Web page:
Diesel Motor/Generator Controller

This page describes a controller that I built in 1996 for a 12.5KW diesel motor/generator set. The generator is driven by a 2 cylinder Chinese diesel engine. In order to keep the generator's output frequency near 60Hz over the full load range, I designed a controller to adjust the throttle position to keep the engine speed near 1800 RPM. The picture above shows a frontal view of the finished system (click on it for a larger image).

The controller's circuit board is housed in a black box located in the upper right corner of the frame. The throttle positioner is housed in a blue box located down on the runner. You can see the actuator cable running from the positioner box through some pulleys up to the throttle lever on the injector body. The box in the center of the upper portion of the frame houses gauges (DC volts, DC amps, RPM, engine temperature and oil pressure) along with the starter switch, heater switch and kill switch.

The heart of the control system is a Basic Stamp II microcontroller. (If I were to embark on this project today I would probably use the ZX-24 instead because it is a much more powerful controller and yet is Stamp-compatible. See the ZBasic and ZX-24 Site for more information.) There is a magnetic pickup positioned near the flywheel teeth which provides a pulse train proportional to engine speed. A linear actuator (a stepper motor that moves a threaded shaft axially through the motor body) is used to effect throttle positioning. The controller samples the engine speed and then adjusts the throttle position attempting to keep the RPM relatively constant.

In order to be able to display an indication of the generator's load, a current transformer was made for each power leg by winding some turns of enameled copper around a pseudo-toroid core made of steel. The voltage from the center-tapped winding is conditioned by an op amp circuit and then fed to an analog-to-digital converter. Using empirical data, code was written to perform an approximate piecewise linear transformation of the current transformer signal to a current value in amps.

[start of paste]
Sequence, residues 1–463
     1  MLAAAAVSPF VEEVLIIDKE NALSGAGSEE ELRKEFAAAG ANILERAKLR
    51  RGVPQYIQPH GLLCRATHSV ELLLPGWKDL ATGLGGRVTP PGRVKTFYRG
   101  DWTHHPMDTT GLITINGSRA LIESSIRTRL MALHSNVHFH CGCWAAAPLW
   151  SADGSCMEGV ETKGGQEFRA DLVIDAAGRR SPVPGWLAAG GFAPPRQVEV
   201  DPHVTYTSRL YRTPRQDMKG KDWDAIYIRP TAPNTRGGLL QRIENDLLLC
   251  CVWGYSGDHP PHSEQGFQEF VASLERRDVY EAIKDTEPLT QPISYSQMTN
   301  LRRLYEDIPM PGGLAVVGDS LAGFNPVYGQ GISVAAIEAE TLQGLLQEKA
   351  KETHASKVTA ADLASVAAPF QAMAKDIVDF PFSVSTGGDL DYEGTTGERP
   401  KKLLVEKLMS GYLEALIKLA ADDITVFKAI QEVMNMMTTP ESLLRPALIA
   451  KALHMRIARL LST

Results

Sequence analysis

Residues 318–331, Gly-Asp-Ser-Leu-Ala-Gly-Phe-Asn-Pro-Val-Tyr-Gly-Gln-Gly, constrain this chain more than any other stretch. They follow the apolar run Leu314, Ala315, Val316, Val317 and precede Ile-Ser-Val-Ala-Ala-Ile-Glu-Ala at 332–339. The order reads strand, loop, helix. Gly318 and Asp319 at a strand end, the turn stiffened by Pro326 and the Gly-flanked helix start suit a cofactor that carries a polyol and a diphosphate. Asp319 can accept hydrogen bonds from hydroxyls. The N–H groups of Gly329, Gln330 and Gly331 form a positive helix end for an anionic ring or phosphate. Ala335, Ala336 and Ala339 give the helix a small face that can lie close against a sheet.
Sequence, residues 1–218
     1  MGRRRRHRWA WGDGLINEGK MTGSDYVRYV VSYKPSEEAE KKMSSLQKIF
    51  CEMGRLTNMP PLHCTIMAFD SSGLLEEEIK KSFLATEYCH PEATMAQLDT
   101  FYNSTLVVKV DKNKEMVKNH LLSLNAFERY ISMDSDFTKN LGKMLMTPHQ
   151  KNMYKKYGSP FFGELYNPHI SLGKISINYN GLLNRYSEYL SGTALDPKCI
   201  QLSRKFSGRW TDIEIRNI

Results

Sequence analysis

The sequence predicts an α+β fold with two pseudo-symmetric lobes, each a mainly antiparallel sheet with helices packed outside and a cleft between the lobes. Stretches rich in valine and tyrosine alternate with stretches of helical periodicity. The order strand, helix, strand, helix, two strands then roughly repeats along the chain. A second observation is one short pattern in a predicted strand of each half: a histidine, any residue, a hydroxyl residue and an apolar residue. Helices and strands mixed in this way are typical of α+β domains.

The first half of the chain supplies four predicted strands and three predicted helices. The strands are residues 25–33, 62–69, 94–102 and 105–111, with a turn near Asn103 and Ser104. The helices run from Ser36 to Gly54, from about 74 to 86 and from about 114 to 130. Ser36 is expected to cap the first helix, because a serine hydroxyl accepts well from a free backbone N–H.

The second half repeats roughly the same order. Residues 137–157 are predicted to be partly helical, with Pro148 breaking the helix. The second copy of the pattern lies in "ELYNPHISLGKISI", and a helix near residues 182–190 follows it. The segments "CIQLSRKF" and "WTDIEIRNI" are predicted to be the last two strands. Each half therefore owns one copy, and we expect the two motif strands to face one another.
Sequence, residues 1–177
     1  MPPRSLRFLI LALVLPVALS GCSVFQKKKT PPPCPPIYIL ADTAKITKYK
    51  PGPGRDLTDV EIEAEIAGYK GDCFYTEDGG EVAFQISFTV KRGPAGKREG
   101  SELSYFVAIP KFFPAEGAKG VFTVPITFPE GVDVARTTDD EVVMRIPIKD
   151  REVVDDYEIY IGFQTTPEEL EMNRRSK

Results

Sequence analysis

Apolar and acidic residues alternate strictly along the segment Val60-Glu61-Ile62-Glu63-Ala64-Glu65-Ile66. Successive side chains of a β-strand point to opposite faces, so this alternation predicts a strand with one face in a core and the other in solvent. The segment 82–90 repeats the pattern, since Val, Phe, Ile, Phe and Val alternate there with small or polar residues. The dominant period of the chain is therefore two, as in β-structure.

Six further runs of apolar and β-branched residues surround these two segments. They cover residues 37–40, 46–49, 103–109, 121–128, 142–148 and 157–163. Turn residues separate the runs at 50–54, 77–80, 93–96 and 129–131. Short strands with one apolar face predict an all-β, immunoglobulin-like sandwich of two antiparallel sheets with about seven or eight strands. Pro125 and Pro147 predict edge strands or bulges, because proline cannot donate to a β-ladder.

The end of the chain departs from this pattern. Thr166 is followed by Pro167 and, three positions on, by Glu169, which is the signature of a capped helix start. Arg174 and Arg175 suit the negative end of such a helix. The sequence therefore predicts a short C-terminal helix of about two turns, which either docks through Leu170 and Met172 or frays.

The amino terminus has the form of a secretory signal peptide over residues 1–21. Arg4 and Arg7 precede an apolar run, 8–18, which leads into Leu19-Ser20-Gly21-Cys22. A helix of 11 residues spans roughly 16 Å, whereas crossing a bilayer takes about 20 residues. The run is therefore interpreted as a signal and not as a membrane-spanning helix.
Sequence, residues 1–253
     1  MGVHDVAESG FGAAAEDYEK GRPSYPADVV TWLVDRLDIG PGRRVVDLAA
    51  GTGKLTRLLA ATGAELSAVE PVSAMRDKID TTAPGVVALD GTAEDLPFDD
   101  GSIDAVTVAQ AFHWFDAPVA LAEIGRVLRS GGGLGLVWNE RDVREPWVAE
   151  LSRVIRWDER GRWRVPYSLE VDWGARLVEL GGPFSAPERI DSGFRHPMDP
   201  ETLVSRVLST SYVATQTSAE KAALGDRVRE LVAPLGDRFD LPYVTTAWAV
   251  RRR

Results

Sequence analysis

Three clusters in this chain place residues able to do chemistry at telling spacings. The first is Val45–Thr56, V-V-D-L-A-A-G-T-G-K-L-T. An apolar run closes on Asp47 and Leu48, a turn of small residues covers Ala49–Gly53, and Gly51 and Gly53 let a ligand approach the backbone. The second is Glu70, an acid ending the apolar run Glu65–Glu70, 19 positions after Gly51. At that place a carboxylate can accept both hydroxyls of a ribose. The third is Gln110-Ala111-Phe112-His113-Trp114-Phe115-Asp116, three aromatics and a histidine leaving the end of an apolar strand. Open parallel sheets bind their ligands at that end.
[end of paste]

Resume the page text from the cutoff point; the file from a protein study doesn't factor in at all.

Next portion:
Here is a picture of the back side of the genset in which you can see the generator, battery, starter and alternator (for recharging the battery).
To the left is a picture of the controller board. This is the first PCB that I had ever made; it is double sided. You can see a few red wires tacked onto the PCB to fix areas where the traces were etched through.

The wide ribbon cable goes to an LCD on the housing cover on which is displayed the computed engine RPM and generator frequency along with an indication of the generator load. The narrow ribbon cable goes to a serial connector to allow reprogramming. At the bottom of the housing are potentiometers for adjusting the LCD brightness and backlighting and a switch for manual operation.

This picture shows the linear actuator that changes the throttle position. The two disks on the shaft contact limit switches at the extremes of motion. The leftmost disk is slotted and rides on a guide bar to keep the shaft from turning.
The PBasic code for the controller is available here. The schematics for the circuitry used for the controller are available as images (Page 1, Page 2, Page 3, Page 4 and Page 5) or as an ExpressSCH schematic here (right click, Save As to your disk). The full schematic can be most conveniently viewed and printed using the ExpressSCH schematic drawing program that can be downloaded free here.

If you wish, you may email me with questions or comments.

Don Kinzer